I found the premise interesting, in that the telegraph really changed the dynamics between the commander in chief, and his generals. Rather than having to send off his army to fight and then wait days, or weeks, for results, Lincoln was able to harness the power of this new technology to be directly involved in the command of the army, and insert his vision into the strategy.
I found many similarities between what Lincoln was able to do because of the speed of the telegraph to what we’re seeing across all levels of society today with the internet and social media tools. It’s a simple thing, in 2008, to keep up to date, and involved in whatever area you want to be involved, whether it be your business, the latest court decisions, or the social aspect with your friends no matter your physical location.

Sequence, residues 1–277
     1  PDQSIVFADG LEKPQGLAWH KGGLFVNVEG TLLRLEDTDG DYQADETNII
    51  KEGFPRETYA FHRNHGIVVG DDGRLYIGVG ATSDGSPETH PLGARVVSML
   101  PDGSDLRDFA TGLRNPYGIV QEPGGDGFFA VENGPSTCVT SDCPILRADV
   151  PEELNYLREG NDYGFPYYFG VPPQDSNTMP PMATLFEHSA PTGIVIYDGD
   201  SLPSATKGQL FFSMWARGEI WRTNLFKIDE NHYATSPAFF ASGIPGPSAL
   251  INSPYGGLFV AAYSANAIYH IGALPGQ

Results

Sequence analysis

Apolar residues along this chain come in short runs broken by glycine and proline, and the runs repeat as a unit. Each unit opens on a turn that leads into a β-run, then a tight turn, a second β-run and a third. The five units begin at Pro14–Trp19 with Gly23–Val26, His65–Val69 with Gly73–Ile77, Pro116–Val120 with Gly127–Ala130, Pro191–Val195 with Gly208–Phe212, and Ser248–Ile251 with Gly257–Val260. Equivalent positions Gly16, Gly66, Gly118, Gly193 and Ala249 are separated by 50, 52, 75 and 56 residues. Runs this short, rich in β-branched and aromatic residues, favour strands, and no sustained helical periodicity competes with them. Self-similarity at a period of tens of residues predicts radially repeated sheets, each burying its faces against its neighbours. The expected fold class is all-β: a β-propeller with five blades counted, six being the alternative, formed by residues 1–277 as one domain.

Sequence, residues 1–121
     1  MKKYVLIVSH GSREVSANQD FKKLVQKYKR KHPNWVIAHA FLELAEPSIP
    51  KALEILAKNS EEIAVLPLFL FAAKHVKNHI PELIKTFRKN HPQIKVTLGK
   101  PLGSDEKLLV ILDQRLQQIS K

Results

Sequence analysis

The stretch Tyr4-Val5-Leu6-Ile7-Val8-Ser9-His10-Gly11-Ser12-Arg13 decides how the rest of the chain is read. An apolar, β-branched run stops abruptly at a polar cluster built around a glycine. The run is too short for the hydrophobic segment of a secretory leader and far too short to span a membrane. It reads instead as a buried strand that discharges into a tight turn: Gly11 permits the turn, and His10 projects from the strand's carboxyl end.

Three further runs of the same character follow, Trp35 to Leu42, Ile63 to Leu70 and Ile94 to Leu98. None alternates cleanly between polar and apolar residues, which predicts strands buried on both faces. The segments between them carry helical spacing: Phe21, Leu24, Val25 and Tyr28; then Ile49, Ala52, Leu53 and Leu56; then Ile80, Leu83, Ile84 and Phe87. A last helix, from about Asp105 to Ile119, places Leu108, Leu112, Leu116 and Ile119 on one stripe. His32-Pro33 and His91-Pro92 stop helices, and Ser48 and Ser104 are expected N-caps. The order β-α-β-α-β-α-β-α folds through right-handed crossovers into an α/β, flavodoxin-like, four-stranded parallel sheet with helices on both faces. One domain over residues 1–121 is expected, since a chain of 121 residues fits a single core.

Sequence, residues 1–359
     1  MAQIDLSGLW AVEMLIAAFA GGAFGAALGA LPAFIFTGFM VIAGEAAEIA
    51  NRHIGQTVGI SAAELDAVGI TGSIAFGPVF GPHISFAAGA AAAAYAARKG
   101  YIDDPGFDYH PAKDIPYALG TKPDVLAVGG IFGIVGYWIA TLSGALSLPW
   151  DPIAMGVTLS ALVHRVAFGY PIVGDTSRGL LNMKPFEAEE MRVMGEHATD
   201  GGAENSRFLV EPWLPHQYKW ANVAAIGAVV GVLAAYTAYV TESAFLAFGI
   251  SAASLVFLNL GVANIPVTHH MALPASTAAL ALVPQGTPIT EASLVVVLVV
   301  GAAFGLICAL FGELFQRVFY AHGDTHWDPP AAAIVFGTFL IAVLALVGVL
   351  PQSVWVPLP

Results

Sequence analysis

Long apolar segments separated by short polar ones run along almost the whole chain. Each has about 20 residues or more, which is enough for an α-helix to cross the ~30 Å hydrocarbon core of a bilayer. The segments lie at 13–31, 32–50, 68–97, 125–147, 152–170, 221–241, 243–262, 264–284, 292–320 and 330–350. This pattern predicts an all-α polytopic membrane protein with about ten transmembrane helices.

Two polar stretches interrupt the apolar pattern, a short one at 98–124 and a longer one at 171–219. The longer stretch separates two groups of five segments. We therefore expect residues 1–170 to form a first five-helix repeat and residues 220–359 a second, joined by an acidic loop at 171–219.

The one real interesting thing about the history though, is that the changes, and the technology didn’t really bring the results Lincoln was looking for until he got the right people on the other end of the telegraph line. All the technology and direct communication didn’t change who George McClellan was, or Burnside was, or Meade was. Lincoln communicated what he wanted done and the vision he had for strategy, but he didn’t have the right people in place to carry out that vision.
In 2008 it’s common for us to look at all these great social media tools as a way to communicate our visions, and build relationships. They are that, but we can learn from history as well. The technology won’t change who people are, and if they aren’t the right people then your vision won’t get carried out.
Even in 2008, it’s still about people.